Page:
“The car's cursed,” claims a helpless Ricciardo

What a difference twenty-four hours can make in F1.

On Saturday afternoon Daniel Ricciardo was sporting his infectious grin having secured pole position for the Mexican Grand Prix with a lap that surprised everyone, not least his clearly disappointed teammate.

Twenty-four hours later and while battling to hold off Sebastian Vettel for second, defying the German with tyres that were way beyond their best, the Australian suffered a suspected hydraulics failure.

The retirement marked his sixth failure in eleven races, and with his Monaco triumph a distant memory, not to mention that in that time his teammate has suffered just one DNF and none since the summer break when he announced he was leaving Red Bull, Ricciardo was understandably upset.

“I don’t think ‘frustration’ is the word anymore,” he admitted. “Everything feels hopeless. You know, honestly, now where I am, I don’t see the point of coming on Sunday, I don’t see the point of doing the next two races.

“I haven’t had a clean race or weekend in so long,” he continued. “I’m not superstitious or any of this bullshit, but… the car’s cursed. I don’t have any more words.”

With just ten laps remaining, the Australian was looking good for a podium, and though Vettel would have surely picked him off, he was almost certain to finish ahead of Kimi Raikkonen. This despite a poor start which saw him drop to third.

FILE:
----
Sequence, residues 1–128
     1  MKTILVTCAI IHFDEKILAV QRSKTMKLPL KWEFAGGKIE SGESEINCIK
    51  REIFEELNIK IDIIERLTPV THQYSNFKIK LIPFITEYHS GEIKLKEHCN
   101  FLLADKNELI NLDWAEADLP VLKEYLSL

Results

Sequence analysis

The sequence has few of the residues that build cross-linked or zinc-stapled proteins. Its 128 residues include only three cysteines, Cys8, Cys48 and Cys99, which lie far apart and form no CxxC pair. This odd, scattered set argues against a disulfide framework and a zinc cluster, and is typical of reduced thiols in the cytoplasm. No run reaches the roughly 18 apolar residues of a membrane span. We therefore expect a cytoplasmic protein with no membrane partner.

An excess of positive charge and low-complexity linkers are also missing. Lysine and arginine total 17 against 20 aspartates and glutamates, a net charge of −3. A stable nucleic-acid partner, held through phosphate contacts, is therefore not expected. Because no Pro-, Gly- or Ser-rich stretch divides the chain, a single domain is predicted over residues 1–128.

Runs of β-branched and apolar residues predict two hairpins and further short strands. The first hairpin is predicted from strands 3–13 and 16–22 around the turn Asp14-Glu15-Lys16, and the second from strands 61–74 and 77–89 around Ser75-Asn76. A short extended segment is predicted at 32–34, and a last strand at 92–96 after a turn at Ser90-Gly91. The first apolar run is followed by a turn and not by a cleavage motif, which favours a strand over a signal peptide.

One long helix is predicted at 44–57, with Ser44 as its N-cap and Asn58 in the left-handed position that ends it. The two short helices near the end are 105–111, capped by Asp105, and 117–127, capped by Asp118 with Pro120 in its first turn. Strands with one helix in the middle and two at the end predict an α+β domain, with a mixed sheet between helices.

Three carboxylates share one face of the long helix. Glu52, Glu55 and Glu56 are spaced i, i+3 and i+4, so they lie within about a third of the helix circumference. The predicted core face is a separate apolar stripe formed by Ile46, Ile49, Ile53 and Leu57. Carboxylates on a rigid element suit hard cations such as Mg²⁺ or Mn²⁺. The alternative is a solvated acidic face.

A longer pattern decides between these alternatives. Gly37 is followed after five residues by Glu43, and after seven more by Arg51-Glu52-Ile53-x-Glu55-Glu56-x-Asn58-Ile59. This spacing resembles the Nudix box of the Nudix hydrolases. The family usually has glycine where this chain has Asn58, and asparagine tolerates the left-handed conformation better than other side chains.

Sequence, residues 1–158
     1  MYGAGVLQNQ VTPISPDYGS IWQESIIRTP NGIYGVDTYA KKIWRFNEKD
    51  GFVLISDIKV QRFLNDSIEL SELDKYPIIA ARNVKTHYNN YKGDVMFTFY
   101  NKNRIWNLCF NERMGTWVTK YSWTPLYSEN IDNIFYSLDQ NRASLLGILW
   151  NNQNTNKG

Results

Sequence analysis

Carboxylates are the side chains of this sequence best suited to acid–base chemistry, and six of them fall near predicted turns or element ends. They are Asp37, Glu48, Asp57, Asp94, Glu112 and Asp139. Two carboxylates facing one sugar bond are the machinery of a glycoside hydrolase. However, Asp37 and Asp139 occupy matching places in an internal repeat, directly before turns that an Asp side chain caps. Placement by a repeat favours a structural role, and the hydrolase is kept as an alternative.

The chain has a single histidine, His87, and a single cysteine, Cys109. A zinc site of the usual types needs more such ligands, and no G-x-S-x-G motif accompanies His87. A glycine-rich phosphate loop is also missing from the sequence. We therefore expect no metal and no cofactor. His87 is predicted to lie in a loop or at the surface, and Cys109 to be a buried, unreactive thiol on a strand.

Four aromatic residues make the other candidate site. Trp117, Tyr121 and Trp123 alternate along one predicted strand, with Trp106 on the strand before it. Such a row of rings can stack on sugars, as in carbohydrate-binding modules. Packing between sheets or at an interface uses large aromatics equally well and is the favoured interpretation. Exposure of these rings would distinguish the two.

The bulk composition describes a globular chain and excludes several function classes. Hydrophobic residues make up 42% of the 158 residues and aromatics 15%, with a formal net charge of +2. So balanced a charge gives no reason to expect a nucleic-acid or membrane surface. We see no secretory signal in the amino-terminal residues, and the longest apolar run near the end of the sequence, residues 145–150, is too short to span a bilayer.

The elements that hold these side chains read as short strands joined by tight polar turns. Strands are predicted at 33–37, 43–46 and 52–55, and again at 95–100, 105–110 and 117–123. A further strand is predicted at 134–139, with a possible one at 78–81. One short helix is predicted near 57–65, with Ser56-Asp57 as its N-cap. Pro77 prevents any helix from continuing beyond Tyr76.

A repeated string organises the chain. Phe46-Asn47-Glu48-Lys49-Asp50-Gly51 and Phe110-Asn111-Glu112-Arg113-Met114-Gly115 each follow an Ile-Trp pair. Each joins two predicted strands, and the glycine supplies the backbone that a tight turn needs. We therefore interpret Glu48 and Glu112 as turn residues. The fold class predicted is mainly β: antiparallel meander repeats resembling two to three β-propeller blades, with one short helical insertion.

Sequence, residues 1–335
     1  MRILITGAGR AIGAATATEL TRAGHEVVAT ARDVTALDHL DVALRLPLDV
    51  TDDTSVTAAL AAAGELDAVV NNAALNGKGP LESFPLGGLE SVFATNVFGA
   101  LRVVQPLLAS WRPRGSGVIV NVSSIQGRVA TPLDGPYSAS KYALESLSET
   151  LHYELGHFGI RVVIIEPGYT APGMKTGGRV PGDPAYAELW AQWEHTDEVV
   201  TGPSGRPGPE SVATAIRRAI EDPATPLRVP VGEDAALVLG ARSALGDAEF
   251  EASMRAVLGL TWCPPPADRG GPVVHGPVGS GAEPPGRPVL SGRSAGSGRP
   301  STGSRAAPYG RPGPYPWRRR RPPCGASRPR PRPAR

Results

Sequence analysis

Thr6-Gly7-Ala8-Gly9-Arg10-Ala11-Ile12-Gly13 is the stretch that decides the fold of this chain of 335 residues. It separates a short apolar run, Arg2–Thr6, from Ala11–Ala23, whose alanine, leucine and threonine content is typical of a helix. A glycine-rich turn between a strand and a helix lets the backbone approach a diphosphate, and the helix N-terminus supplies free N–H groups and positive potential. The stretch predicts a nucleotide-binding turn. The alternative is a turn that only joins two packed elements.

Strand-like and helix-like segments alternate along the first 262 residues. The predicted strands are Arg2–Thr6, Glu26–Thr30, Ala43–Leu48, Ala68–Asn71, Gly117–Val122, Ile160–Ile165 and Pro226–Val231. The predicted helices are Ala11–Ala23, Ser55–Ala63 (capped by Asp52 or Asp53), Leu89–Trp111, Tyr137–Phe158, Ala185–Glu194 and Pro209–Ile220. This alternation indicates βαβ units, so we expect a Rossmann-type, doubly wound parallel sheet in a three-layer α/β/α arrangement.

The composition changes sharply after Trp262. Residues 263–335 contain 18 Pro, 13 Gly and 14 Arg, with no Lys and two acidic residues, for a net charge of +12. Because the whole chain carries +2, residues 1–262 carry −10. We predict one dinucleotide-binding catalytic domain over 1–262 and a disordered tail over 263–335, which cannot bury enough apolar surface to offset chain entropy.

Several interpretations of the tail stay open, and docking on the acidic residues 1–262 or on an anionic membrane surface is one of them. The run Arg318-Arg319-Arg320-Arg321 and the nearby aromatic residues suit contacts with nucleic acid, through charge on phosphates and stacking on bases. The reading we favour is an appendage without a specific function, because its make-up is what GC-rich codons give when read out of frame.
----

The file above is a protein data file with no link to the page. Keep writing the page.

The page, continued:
“Helpless I think is the best word,” he sighed. “Even today, you know, the starts have been good all weekend, the practice starts, and for the race start, it’s all over the place with the pre-start.

“Things are happening on Sunday which I’ve got no more explanation for,” he continued. “The car… I’ll let Gasly drive it, I’m done with it.”

With so many retirements following his shock decision to leave Red Bull for Renault, the conspiracy theorists have been having a field day and some of Ricciardo’s words could be construed as that he agrees with them

“We need to get the car back but you can see the smoke come out of the back of the car, ten laps from the end,” said team boss Christian Horner. “It’s just gutting for him because he had driven a great race on old tyres, holding off Sebastian before that tell-tale sign of smoke. All we could do was retire the car.”

On a day of mixed emotions for the team, what with Max Verstappen taking a convincing victory, the Briton admitted: “The thing that feels bittersweet is we should’ve have had them both up there.”

Check out our Sunday gallery from Mexico City, here.